While America is obsessed with the upcoming election, climate change is already disrupting lives around the world.
According to the Oslo-based Norwegian Refugee Council (NRC):
On average, 26 million people are displaced by disasters such as floods and storms every year. That's one person forced to flee every second.
Disasters displace three to ten times more people than conflict and war worldwide.
And that number is expected to climb as the impacts of climate change bring more frequent and severe weather events.
The International Organisation for Migration (IOM) is predicting the world will be grappling with some 200 million environmental migrants by 2050, as people — many of them now living in coastal areas — move within their countries or across borders.
As William Lacy Swing, director general of the International Organisation for Migration, warned:
“It is quite clear that we will have more and more conflicts over shortages of food and water that are going to be exacerbated by climate change.”
But no worries, that won't be an issue in Hawaii. Just ask the folks at Maui's Living Aloha magazine. Tucked in amongst such headlines as “Malama Da Aina” — uh, I gotta tell you folks, there ain't no "da" in Hawaiian — was this observation:
When demand and supply rise for local food, people will hear how lucrative and simple growing food is and a new wave of gardeners and farmers will start popping up to meet the demand.
Oh, yes. It's so lucrative — just ask the many farmers who are forced to hold jobs outside the farm.
And so simple. Especially when it's being done solely by people with hand tools, as depicted in a graphic in the magazine:
But apparently not so simple that the talkers are actually doing it.
A friend who grew up on a farm was visiting recently, and I was bemoaning some weird rot that was destroying my carefully tended pot of banana peppers.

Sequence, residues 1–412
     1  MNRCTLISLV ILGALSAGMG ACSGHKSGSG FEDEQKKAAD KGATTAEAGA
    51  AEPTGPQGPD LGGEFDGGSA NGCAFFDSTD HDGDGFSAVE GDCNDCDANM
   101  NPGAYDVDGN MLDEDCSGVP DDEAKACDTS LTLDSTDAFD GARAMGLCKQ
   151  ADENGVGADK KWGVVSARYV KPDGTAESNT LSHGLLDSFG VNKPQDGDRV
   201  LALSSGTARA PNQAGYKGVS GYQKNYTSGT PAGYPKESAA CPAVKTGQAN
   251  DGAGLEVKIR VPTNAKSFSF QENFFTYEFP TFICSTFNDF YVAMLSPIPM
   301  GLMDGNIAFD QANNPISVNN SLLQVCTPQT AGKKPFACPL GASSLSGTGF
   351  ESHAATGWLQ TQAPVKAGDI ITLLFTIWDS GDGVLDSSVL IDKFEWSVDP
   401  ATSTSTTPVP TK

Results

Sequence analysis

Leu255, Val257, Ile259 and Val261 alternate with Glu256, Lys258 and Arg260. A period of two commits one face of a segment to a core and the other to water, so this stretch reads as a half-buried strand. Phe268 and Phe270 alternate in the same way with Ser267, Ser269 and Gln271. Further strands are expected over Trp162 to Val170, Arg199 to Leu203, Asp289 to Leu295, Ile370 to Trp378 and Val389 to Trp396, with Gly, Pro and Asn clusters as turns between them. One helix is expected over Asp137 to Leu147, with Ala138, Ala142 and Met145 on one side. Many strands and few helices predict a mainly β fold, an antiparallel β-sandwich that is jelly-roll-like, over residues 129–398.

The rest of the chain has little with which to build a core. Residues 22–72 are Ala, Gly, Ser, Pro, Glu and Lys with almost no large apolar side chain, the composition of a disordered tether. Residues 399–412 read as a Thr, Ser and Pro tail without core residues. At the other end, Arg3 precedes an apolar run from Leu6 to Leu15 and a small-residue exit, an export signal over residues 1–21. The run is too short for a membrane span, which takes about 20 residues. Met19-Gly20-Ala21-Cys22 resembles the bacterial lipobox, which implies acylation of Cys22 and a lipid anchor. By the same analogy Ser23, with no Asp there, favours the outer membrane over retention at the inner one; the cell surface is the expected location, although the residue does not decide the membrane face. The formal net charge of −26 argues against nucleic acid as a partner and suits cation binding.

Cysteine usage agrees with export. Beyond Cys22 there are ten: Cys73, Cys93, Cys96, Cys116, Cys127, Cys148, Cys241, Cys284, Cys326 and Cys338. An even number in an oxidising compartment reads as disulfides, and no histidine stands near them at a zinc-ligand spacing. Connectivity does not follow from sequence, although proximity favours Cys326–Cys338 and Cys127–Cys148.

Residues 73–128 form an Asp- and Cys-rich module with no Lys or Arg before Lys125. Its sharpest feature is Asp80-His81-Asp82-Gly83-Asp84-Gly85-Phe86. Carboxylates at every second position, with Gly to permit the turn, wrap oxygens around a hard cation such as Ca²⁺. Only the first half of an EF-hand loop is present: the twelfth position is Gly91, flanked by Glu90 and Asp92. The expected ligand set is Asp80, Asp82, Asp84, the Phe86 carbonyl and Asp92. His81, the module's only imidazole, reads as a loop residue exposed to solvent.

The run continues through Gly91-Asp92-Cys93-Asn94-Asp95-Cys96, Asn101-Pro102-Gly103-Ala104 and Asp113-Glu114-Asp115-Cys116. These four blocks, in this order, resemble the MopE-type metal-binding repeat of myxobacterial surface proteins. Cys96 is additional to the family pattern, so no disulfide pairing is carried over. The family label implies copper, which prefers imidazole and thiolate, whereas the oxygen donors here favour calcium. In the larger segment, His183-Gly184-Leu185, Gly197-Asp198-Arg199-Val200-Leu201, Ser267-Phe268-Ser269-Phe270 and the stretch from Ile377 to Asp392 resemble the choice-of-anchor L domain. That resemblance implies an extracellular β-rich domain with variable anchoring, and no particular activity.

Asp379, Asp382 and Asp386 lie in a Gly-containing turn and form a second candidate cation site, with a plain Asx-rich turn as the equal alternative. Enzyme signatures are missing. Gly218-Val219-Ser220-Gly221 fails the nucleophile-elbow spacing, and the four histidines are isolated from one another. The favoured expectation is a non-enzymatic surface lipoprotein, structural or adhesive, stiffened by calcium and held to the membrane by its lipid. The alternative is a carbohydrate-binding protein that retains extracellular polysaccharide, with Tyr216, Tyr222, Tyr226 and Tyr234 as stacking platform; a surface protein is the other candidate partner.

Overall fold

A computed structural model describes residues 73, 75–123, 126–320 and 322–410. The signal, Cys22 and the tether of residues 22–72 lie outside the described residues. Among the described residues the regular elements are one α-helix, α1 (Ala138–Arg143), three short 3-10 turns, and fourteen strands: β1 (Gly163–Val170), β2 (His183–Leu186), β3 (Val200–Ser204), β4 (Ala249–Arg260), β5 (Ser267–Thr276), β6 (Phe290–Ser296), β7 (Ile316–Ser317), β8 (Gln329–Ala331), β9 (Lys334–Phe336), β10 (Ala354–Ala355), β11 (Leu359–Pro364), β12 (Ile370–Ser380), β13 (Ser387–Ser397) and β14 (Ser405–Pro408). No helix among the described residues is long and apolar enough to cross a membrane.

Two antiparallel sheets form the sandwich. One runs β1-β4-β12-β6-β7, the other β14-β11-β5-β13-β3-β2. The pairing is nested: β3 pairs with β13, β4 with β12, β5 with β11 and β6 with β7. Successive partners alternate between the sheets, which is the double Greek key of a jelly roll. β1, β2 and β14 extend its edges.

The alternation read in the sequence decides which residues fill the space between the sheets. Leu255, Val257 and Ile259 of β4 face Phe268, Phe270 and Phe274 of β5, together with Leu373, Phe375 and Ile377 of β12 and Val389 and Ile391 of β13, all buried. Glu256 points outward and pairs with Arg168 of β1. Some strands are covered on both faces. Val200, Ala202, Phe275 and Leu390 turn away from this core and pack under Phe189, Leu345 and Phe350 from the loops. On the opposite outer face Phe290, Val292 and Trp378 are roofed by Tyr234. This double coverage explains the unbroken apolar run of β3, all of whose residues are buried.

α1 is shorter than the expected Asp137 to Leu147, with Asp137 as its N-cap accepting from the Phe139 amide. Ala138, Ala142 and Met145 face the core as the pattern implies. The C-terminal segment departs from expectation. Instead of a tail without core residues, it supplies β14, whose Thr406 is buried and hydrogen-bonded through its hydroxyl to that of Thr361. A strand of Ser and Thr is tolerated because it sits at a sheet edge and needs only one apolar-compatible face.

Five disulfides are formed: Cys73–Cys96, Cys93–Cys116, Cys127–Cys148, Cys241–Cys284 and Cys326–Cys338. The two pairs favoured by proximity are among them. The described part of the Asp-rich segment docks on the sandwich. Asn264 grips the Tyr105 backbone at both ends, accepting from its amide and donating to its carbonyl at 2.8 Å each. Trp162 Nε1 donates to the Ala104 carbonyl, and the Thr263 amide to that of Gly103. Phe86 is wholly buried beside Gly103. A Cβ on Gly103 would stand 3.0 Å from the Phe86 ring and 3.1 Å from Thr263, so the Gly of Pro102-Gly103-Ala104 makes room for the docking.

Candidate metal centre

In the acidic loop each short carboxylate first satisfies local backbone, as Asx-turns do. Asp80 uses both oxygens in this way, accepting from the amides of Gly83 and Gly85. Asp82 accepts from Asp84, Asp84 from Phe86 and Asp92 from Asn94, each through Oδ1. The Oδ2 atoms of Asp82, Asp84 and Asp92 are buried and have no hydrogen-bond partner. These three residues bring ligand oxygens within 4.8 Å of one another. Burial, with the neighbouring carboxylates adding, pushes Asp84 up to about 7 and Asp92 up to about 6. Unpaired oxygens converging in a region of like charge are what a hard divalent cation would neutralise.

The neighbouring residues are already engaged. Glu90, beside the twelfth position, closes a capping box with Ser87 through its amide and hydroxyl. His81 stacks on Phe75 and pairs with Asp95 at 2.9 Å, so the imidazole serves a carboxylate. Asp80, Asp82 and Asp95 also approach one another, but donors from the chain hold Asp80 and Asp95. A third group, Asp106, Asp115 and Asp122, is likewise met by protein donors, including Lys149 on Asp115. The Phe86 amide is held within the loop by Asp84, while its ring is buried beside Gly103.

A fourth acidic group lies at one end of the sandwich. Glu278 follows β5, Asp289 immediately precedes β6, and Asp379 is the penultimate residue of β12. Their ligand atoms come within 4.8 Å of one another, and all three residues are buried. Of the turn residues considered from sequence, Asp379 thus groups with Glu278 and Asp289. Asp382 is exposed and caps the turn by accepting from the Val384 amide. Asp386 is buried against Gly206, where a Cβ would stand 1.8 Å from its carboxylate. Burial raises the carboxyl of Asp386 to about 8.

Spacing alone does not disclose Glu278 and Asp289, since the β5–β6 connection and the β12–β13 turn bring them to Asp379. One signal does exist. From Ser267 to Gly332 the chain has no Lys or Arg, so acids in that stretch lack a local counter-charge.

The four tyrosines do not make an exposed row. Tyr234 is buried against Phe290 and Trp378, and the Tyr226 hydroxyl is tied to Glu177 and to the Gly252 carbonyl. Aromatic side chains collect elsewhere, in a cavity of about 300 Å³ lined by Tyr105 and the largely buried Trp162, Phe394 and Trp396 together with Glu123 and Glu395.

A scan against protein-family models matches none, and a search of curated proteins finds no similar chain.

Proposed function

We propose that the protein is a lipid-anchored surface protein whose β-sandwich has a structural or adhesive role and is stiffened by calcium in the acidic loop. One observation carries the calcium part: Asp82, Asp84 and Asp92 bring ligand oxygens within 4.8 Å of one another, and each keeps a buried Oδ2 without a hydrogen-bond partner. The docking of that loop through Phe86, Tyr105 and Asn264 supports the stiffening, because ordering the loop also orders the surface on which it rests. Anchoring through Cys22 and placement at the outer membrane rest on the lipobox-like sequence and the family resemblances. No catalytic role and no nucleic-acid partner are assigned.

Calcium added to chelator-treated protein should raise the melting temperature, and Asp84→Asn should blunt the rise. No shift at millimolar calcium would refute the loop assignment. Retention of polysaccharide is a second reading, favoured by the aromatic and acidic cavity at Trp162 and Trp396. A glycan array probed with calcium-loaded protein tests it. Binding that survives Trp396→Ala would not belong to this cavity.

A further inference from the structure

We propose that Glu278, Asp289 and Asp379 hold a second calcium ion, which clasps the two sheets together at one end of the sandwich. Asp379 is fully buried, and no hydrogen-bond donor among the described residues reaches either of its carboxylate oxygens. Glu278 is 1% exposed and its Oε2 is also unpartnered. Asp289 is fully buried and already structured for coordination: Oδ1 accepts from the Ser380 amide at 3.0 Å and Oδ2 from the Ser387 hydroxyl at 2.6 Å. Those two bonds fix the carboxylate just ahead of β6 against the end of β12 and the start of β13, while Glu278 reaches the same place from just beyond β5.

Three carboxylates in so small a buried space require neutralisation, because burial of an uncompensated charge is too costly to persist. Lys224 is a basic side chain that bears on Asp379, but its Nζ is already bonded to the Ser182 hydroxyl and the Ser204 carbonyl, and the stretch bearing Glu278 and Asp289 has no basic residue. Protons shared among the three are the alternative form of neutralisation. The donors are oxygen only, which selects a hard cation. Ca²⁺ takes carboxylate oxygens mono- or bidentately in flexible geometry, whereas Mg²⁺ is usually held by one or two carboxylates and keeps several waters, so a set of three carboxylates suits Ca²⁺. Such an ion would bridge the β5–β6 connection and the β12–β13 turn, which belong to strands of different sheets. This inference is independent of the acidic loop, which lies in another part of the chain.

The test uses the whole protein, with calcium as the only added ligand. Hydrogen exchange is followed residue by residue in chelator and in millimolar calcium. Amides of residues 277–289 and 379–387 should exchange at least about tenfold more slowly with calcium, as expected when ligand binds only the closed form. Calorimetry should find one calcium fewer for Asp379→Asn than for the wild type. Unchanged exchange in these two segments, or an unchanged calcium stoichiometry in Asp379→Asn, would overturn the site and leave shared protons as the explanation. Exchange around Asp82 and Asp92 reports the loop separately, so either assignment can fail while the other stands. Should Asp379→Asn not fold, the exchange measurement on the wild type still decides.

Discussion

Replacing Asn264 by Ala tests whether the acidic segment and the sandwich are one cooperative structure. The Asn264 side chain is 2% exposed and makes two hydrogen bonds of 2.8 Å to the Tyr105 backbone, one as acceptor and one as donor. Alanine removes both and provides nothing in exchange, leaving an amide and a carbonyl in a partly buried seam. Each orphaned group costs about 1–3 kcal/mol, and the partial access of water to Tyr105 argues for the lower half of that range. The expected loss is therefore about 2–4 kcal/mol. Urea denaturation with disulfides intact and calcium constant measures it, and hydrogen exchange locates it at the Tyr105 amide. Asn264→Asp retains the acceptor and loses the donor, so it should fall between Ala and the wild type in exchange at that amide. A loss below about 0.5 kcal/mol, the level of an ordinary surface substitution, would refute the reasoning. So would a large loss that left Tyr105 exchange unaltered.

“Just imagine you had a whole field like that, and you owed money it,” she said. “That's what farmers face.”
They also face a helluva lot of flack from people who know nothing about ag.
A reader yesterday sent me a link to an article about how the EPA wants the Department of Health to post a sign at the south side's Waiopili ditch stating the water does not meet recreational standards. The email included the message: The dairy takes a hit.
Of course, the pollution at Waiopilli ditch — it is not a stream —has nothing to do with the proposed Mahaulepu dairy, since it has yet to introduce a single cow. But dairy opponents will use the high enterococcus bacteria count to rally against introducing any other potential source of contamination to the area.
In addition to posting a warning sign, the EPA “strongly advised” the state to take other protective measures, such as “limiting access.”
The state should advise people about polluted water, though it should not limit access to beaches. What bothers me is when these issues are pursued selectively due to anti-ag or anti-development sentiments.
We all know that many Kauai streams — Hanamaulu, Nawiliwili and Wainiha among them — have suffered similar problems for decades now.
But Surfrider, though pushing for sign posting for years, has gone to the mat only on Waiopili. Why? Because it opposes the dairy.
Ironically, billionaire Pierre Omidyar is funding both the Ulupono Initiative, which is creating the dairy as part of its effort to increase the local food supply, and Surfrider, which is trying its damndest to destroy the dairy.
I wonder how that's gonna shake out.
Meanwhile, despite intense opposition to GMO crops — and the Hawaii seed operations that support them — they've been widely adopted by farmers in the U.S. since their commercial introduction in 1996.
According to a new report by the USDA, herbicide-tolerant (HT) traits are found in 94% of America's soybean production; HT and insect-resistant varieties account for 93% of the cotton acreage, and 92% of all corn is GE.
The U.S. accounts for 40% of the 179.7 million hectares of GE crops planted worldwide.
Though activists are quick to dismiss commodity crops, they comprise the foundation of America's food supply. And farmers in the Midwest are already feeling the effects of drought and high temperatures, which reduce yield.
It's easy to indulge in the luxury of squabbling over GMO vs organic when you're well-fed and affluent. But given the painful realities of climate change and a growing population, it's not unrealistic to think we may soon see a time when even spoiled Americans are simply grateful to have food.